Humane Research Australia launch ‘Forced to Smoke’ Campaign
Launch of ‘Forced to Smoke’ Campaign by Humane Research Australia highlights the urgent need for human-based methods instead of animals.
A new campaign recently launched by Humane Research Australia (HRA) highlights the poor science and severe suffering of mice still being repeatedly used as ‘models’ for human diseases linked to cigarette smoking, such as chronic obstructive pulmonary disease (COPD).
‘Forced to Smoke’ is a call for public action to demand an end to these repetitive and invasive experiments (for example at the University of Newcastle in New South Wales) involving forced inhalation of cigarette smoke whilst restrained in small inhalation chambers when using the ‘nose-only’ method.
To induce the disease, mice are cruelly exposed to cigarette smoke for up to 18 weeks, as well as suffering the pain, fear and distress of regular injections, force feeding of food or drugs by gavage (stomach tube), behavioural tests and death, dependent on the research protocol. Surviving mice are killed afterwards for dissection and examination.
Animals are used to create artificial ‘models’ to investigate biological mechanisms or respiratory diseases in humans. However, not only is this inhumane, it is unreliable as species differences on many levels mean that results fail to translate adequately from mice to humans.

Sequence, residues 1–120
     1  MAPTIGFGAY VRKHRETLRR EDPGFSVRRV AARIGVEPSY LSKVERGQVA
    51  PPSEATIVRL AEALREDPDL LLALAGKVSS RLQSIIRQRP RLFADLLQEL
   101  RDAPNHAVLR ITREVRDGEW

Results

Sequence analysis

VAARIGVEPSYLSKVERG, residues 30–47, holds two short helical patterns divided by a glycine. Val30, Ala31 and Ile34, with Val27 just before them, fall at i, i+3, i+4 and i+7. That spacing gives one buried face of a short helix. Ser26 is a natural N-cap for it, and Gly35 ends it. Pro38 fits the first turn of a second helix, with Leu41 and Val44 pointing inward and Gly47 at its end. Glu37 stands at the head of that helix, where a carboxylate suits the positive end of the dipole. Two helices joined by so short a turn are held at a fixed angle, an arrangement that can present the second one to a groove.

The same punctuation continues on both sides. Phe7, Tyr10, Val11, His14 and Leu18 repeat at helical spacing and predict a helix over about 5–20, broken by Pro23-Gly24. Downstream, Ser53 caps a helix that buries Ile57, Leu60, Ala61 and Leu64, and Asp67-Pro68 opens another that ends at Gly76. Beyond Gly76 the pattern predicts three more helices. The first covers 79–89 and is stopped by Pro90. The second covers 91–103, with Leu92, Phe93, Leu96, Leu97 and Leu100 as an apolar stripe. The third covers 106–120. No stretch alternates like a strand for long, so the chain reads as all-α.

Smoking (and e-cigarettes) are uniquely human habits leading to uniquely human diseases. It therefore follows that they require human-based research methods. Such methods are starting to be used on a very small scale, but a lot more needs to be done via funding, recognition and regulatory approval.
HRA is calling for greater recognition and uptake of animal-free solutions to achieve more reliable, human relevant results and has commissioned a report to review the inhalation research currently being conducted at institutions in Australia and how more sophisticated human-based models already in use elsewhere, such as in silico (computer based) and in vitro microphysiological (MPS) systems also known as ‘lung on a chip’, could be used.
Rachel Smith, CEO of Humane Research Australia discussed the campaign in a recent interview with Rebecca Ram at the 2021 Lush Conference. HRA were awarded a Lush Prize for Public Awareness in 2014 and continue to act as the voice for over 3 million animals suffering every year in Australian laboratories.
Rachel says “Launch of the ‘Forced to Smoke’ Campaign was vital to alert the public that such suffering – which many think ended years ago – still goes on behind closed doors and Australian citizens are shocked to find out that this continues. There’s an urgent scientific need to end animal use in such procedures to pave the way for co-ordinated validation of more clinically relevant approaches for patients, not just in respiratory diseases but so many others”.
Watch the Forced to Smoke campaign video here.
Listen to HRA’s podcast episode on inhalation research here.
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